He explained to me how and where to go and how the delivery would be made. He said that two fishermen will give the delivery. He asked me to reach there at midnight of 21-3-1965. Accordingly I met Walimohmmad at his house yesterday morning and told him to make necessary arrangement for a vehicle and explained the job to be performed. He agreed. He myself and the driver of MRX 7435 Vaxhall proceeded from near about 2 a.m. on 22-3-65. We asked the driver to dim the light and hoot the horn. We i.e. myself and Wali mohmmad got down from the motor car and told the driver to proceed and a bit ahead and turned the car and come where we had got down. The car accordingly went ahead and turned back where we were waiting. In the mean while we went down the road and contacted the fishermen and ascertained that they had brought the gold. I told the driver not to get down from the car and to keep the engine running, the four packets containing gold were placed in the dicky of our vehicle. We got in and started. As soon as we started we were intercepted by the Customs Officers. They inquired as to what was there in the car. As our game was up, we thought to give the correct answer and therefore told them that there was gold consignment in our vehicle. The officers took away the keys of our vehicle and called panchas. With the panchas we were brought to Central Excise Office, Churchgate Bombay, where the gold and vehicle were seized under a Panchanama. I and Walimohammad had brought this gold for sale and profit.
6. Jokhi, after obtaining the sanction of the Collector of Central Excise, filed complaint dated November 3, 1965 against the two accused for their prosecution.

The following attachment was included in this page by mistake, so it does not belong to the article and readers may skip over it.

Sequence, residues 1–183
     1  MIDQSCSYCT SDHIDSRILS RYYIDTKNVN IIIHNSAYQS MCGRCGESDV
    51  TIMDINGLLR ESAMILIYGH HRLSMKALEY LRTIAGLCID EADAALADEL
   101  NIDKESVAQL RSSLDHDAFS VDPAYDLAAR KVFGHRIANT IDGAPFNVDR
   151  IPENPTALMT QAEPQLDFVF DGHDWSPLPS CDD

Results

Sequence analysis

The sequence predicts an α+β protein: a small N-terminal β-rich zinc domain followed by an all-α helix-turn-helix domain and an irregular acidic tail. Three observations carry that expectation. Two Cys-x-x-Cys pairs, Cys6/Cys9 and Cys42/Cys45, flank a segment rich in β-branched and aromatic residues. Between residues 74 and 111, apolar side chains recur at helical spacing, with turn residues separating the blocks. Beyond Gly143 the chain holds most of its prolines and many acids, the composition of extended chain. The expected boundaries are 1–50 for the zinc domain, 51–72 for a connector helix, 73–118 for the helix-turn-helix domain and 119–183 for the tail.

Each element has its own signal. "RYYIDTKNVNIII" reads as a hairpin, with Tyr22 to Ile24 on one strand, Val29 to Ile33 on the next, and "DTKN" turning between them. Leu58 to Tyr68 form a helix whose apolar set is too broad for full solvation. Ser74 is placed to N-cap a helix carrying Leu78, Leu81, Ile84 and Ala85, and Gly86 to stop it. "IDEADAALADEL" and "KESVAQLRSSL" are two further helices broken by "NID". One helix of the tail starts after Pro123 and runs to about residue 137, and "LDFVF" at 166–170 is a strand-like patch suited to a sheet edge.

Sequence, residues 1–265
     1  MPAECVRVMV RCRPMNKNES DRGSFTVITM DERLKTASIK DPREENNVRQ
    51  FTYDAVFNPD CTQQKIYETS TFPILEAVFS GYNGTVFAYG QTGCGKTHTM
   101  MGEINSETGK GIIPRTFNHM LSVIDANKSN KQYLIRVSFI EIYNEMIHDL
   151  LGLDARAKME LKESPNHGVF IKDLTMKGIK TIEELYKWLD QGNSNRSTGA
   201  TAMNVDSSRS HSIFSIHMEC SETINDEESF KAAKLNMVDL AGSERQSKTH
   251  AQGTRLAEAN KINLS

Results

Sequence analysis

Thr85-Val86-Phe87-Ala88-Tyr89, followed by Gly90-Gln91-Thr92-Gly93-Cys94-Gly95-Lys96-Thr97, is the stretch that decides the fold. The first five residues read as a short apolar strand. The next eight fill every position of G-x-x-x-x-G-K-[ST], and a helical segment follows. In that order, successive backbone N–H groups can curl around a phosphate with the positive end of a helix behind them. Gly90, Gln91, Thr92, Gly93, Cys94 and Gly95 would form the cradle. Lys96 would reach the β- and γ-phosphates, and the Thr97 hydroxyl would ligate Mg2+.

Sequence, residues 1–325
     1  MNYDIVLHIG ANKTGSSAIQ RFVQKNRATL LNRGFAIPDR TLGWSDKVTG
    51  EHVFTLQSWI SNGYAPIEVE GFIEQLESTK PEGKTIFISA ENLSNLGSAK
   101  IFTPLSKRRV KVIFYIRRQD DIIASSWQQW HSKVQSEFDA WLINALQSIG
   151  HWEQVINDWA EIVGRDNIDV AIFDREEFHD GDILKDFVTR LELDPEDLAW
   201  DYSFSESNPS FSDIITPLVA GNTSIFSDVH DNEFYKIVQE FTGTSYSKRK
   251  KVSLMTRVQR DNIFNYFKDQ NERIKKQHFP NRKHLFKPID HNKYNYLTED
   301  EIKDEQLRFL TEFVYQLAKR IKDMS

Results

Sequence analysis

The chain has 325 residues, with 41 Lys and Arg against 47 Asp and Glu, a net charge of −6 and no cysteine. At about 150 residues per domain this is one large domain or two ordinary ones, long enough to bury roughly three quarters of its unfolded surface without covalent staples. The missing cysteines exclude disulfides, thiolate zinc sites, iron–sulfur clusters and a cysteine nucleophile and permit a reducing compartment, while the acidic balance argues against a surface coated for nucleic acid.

7. At the trial the appellant admitted that the car in which he and Wali Mohammad accused were present was intercepted at about 2 a.m. on March 22, 1965 near the bridge of Bassein creek by the party of Customs Officials. The appellant also admitted that when Wagh PW questioned them as to why they had come there and what was in the car, the appellant and Wali Mohammad had kept quiet. In answer to the question that Wali Mohammad had after some pause stated that there was gold in the dicky of the car, the appellant stated that he did not know. The appellant admitted that he had been shown the gunny bags in the dicky but, according to him, he did not know about that. The fact that the two panchas were called and the car was taken to the Central Excise Office Bombay was also admitted by the appellant. The appellant further admitted that there were some markings in English on the gold chips which were taken, out of the jackets. According to the appellant, he did sign statement Ex. 17 but he added that his statement had been recorded twice. The version of the appellant was that he got into the car in question at Bassein railway station as the local train had earlier left. The driver of the car then told the appellant that he would go via Bhiwandi. The car was stopped on the way and was subsequently taken to the Excise and Customs Office in Bombay. According to the appellant, he had no idea about the contents of the dicky. No evidence was produced in defence.